Tag Archives: naked mole rat

Do Model Animals Tell Us Anything about Human Aging?

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I wrote a tiny report on the pluses and minuses of using model  animals in aging research.

Using model animals in gerontological studies has yielded an enormous wealth of useful information about the mechanisms of human aging and longevity. Animal models were crucial in identifying the conserved pathways that regulate human aging. Model organisms are fundamental for aging research, because there are serious limitations of using human subjects, such as the length of lifespan, genetic heterogeneity and vast differences in environmental influences. The shape of survival curves represents the health of the organism over time. Model organisms display significantly different lifespans, however the survival curves resemble those of humans quite remarkably. Despite this general similarity in the way we describe aging between humans and model animals, there are some distinct differences (Mitchell, Scheibye-Knudsen, Longo, & de Cabo, 2015). For instance, increasing Sir2 gene expression in yeast (Kaeberlein, McVey, & Guarente, 1999), nematodes (Tissenbaum & Guarente, 2001), and flies (Rogina & Helfand, 2004) boosts animal longevity. A small molecule called resveratrol was found to activate Sir2 and its mammalian ortholog SIRT1 (Howitz et al., 2003). Resveratrol extends lifespan of mice fed a high-fat diet (Baur et al., 2006), however it failed to have a beneficial longevity effect in mice on a standard diet (Pearson et al., 2008). This example highlights the fact that we cannot simply transfer the results of longevity interventions to humans and expect the same efficacy as in invertebrate models.

Everyday the researchers are broadening the understanding of human biology of aging with the help of various model systems. Each of them has its advantages and drawbacks. Let’s take a look at what those are for the most widely used animal models.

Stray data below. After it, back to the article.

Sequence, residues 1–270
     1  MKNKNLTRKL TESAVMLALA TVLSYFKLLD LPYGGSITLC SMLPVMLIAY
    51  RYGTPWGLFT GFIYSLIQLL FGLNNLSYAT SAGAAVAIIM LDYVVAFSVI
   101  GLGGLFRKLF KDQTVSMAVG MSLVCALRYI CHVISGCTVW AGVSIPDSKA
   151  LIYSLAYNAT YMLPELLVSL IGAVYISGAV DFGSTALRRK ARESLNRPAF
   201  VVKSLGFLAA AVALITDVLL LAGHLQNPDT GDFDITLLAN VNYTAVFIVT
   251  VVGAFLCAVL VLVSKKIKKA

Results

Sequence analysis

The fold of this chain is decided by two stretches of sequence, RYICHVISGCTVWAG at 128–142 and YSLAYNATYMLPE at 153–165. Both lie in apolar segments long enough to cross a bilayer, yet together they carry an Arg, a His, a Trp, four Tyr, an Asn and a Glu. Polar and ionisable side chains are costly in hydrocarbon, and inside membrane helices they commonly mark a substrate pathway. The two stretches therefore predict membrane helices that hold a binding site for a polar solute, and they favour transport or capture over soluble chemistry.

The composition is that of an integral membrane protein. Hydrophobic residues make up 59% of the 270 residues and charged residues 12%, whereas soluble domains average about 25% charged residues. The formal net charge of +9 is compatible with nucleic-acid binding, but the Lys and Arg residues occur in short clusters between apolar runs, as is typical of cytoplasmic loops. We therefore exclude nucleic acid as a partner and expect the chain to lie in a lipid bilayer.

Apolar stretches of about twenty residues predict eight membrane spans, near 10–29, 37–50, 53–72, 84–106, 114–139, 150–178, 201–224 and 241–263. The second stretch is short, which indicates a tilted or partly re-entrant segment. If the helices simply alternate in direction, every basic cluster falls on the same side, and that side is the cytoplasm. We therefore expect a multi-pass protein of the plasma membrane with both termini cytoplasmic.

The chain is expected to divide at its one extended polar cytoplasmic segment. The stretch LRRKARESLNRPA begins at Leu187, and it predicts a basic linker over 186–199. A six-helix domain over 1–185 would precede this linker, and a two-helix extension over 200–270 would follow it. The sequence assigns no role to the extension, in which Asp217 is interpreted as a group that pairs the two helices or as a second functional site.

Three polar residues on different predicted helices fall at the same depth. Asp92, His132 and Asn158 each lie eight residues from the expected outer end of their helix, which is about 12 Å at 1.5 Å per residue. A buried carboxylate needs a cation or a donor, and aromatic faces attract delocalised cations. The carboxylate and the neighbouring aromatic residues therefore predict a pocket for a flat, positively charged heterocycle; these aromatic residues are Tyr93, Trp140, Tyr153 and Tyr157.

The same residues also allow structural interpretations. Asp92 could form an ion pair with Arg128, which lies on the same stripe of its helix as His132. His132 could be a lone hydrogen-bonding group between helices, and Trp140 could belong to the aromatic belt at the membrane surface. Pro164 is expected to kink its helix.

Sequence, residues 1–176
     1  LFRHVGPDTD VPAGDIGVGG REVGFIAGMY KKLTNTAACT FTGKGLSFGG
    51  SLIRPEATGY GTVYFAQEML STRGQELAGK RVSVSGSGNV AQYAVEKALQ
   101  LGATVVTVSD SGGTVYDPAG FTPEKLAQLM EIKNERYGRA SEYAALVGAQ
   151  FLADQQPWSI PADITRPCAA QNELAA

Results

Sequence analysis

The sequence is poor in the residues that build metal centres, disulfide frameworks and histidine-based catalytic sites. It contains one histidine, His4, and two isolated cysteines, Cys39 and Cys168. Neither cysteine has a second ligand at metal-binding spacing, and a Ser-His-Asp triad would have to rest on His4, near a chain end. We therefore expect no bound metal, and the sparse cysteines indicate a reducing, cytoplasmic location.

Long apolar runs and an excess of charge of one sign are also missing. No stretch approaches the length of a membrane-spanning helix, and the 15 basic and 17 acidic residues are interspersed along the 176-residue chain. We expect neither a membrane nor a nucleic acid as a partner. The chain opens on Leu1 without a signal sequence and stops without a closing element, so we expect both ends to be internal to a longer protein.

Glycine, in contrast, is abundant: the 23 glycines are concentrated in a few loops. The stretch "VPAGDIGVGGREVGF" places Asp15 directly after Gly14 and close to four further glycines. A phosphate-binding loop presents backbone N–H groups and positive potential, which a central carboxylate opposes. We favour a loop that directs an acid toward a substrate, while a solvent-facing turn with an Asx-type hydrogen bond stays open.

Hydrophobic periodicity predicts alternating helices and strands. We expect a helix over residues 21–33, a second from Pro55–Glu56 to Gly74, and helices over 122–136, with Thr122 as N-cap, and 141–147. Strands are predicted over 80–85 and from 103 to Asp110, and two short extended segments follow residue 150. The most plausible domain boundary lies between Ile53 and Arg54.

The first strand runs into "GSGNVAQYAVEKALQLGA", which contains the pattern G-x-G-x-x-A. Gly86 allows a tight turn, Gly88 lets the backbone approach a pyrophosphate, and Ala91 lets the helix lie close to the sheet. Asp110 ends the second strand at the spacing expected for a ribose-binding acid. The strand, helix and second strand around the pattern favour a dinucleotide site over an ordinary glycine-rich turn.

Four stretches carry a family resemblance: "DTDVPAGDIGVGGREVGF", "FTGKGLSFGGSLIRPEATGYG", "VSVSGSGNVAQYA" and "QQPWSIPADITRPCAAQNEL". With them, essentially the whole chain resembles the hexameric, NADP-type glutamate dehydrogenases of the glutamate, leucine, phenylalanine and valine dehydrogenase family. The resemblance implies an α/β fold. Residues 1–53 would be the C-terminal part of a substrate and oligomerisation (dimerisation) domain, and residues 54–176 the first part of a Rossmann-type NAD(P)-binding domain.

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Genome of Long-Lived Brandt’s Bat Sheds Some Light to Its Exceptional Longevity

Brandt's bat


Congratulations to my colleague, Dr. Alexey Moskalev, who, with collaboration with Dr. Vadim Gladyshev, published this awesome paper on genetic basis of exceptional longevity of the Brandt’s bat. This is an amazing animal – it lives up to more than 40 years of age, but weighs only 4-8 grams. A tiny “centenarian” creature. It lives in caves, sleeps during the day, echolocates and hibernates during winter. Every trait has its genetic background. The authors tried to decipher the background of the bat’s longevity.

The most important thing that they found was that Brandt’s bat has altered growth hormone and insulin growth factor 1 signaling (GH/IGF1). This signaling is reduced, there is a kind of dysfunction, that contributes to the animal’s longevity along with the adaptations like hibernation and low reproduction rate. There are other interesting findings. For example, olfactory function is also reduced in these amazing animals. It’s interesting, because olfactory system plays a role in regulating longevity. For example, if you put drosophilas on a restricted diet, they start to live longer, but if you let them smell food, then life extension effect goes away.

I think that this work is crucial, because if we are able to identify the genes that are responsible to exceptional longevity in species like naked mole rats, whales and rougheye rockfish, we’d be able to find the way to alter the activity of those longevity genes in our bodies, for example, pharmacologically. Eventually this will lead to creating life extension therapies that would make us live longer, healthier and happier lives.

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Exception to Several Theories of Aging – Why Do Naked Mole Rats Live So Long?